In both domestic and foreign markets, the formulation, manufacturing, packaging, labeling, distribution, advertising, importation, exportation, licensing, sale and storage of our products are affected by extensive laws, governmental regulations, administrative determinations, court decisions and other similar constraints. Such laws, regulations and other constraints may exist at the federal, state or local levels in the United States and at all levels of government in foreign jurisdictions. There can be no assurance that we or our Members are in compliance with all of these regulations. Our failure or our Members’ failure to comply with these regulations or new regulations could disrupt our Members’ sale of our products, or lead to the imposition of significant penalties or claims and could negatively impact our business. In addition, the adoption of new regulations or changes in the interpretations of existing regulations, such as those relating to genetically modified foods, may result in significant compliance costs or discontinuation of product sales and may negatively impact the marketing of our products, resulting in significant loss of sales revenues.
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The FTC revised its Guides Co ncerning the Use of Endorsements and Testimonials in Advertising, or Guides, which became effective on December 1, 2009. Although the Guides are not binding, they explain how the FTC interprets Section 5 of the FTC Act’s prohibition on unfair or deceptive acts or practices. Consequently, the FTC could bring a Section 5 enforcement action based on practices that are inconsistent with the Guides. Under the revised Guides, advertisements that feature a consumer and convey his or her atypical experience with a product or service are required to clearly disclose the results that consumers can generally expect. In contrast to the 1980 version of the Guides, which allowed advertisers to describe atypical results in a testimonial as long as they included a disclaime r such as “results not typical”, the revised Guides no longer contain such a safe harbor. The revised Guides also add new examples to illustrate the long-standing principle that “material connections” between advertisers and endorsers (such as payments or free products), connections that consumers might not expect, must be disclosed. Herbalife has revised its marketing materials to be compliant with the revised Guides. However, it is possible that our use, and that of our Members, of testimonials in the adv ertising and promotion of our products, including but not limited to our weight management products and our income opportunity, will be significantly impacted and therefore might negatively impact our sales.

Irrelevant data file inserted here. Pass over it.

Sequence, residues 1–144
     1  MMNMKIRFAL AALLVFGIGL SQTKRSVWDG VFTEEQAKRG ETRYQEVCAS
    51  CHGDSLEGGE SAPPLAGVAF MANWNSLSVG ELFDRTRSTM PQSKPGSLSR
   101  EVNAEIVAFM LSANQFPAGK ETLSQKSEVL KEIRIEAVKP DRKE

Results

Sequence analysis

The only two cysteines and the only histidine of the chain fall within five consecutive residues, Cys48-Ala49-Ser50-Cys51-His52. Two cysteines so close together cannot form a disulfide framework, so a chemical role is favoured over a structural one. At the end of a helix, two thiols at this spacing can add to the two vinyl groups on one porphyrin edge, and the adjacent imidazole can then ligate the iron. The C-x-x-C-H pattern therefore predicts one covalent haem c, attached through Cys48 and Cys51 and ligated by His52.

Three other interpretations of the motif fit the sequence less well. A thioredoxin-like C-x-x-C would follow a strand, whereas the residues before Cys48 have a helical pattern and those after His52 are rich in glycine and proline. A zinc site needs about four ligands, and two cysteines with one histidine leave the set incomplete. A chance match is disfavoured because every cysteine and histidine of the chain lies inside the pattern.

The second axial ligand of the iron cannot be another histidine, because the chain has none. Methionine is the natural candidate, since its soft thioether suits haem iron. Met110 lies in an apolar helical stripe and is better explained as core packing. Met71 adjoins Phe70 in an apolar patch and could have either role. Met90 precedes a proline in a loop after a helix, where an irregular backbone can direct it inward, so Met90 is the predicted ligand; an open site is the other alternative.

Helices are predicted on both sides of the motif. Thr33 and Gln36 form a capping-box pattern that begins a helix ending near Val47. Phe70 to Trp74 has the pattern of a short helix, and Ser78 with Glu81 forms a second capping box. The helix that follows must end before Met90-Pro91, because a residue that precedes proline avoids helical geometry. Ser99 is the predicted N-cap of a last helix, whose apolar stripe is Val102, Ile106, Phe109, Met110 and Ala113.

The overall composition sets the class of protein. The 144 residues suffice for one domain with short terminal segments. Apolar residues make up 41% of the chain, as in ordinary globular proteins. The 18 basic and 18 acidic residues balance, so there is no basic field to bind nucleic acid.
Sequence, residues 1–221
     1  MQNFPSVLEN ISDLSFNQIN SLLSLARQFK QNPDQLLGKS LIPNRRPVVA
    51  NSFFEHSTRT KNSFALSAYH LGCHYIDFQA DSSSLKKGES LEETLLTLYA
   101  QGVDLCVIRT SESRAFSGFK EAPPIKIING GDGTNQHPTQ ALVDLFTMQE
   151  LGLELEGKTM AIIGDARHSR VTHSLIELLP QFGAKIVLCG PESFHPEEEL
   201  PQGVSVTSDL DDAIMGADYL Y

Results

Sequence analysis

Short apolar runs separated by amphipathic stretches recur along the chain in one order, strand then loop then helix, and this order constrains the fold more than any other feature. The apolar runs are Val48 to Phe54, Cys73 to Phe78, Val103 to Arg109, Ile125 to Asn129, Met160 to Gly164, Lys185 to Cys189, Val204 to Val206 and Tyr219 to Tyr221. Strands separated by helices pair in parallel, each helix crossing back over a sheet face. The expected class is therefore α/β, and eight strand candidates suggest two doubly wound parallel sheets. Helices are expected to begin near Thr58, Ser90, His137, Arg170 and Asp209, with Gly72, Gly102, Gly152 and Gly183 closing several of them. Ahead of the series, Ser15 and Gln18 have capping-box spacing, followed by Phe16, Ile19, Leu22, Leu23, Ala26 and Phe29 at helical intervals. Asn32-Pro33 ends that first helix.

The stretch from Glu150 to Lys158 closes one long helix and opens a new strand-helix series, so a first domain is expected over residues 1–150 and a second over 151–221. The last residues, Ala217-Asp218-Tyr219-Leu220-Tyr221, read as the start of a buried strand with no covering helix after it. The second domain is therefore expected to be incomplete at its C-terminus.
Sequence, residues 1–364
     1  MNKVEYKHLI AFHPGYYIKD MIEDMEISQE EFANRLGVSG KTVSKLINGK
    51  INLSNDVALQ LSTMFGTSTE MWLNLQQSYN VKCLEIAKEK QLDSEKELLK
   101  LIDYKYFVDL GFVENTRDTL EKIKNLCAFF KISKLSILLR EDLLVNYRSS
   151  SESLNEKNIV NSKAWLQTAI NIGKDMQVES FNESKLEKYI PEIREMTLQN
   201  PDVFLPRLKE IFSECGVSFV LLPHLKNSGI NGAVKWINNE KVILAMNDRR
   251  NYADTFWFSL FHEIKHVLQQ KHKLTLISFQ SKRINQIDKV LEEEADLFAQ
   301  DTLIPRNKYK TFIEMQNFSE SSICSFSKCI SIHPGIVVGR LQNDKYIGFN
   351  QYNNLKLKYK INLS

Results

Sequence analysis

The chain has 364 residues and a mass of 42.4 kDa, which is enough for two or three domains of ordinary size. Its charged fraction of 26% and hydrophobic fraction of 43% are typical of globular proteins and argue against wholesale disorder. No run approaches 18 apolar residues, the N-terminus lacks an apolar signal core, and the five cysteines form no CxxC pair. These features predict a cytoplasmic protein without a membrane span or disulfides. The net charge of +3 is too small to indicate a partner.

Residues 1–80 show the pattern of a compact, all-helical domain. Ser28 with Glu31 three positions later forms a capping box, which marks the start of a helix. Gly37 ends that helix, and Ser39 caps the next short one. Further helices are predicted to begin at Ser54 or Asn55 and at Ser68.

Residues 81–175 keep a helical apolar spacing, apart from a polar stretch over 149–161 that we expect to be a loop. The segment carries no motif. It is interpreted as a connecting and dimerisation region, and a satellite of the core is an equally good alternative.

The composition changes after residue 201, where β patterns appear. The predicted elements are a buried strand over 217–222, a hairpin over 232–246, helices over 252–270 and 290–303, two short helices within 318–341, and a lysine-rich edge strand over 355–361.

Governmental regulations in countries where we plan to commence or expand operations may prevent or delay entry into those markets. In addition, our ability to sustain satisfactory levels of sales in our markets is dependent in significant part on our ability to introduce additional products into such markets. However, governmental regulations in our markets, both domestic and international, can delay or prevent the introduction, or require the reformulation or withdrawal, of certain of our products. Any such regulatory action, whether or not it results in a final determination adverse to us, could create negative publicity, with detrimental effects on the motivation and recruitment of Members and, consequently, on sales.
We are subject to rules of the Food and Drug Administration, or FDA, for current good manufacturing practices, or cGMPs, for the manufacture, packing, labeling and holding of dietary supplements and over-the-counter drugs distributed in the United States. Herbalife has implemented a comprehensive quality assurance program that is designed to maintain compliance with the cGMPs products manufactured by or on behalf of Herbalife for distribution in the United States. However, if Herbalife should be found not to be in compliance with cGMPs for the products we self-manufacture, it could negatively impact our reputation and ability to sell our products even after any such situation had been rectified. Further, if contract manufacturers whose products bear Herbalife labels fail to comply with the cGMPs, this could negatively impact Herbalife’s reputation and ability to sell its products even though Herbalife is not directly liable under the cGMPs for such compliance. In complying with the dietary supplement cGMPs, we have experienced increases in production costs as a result of the necessary increase in testing of raw ingredients, work in process and finished products.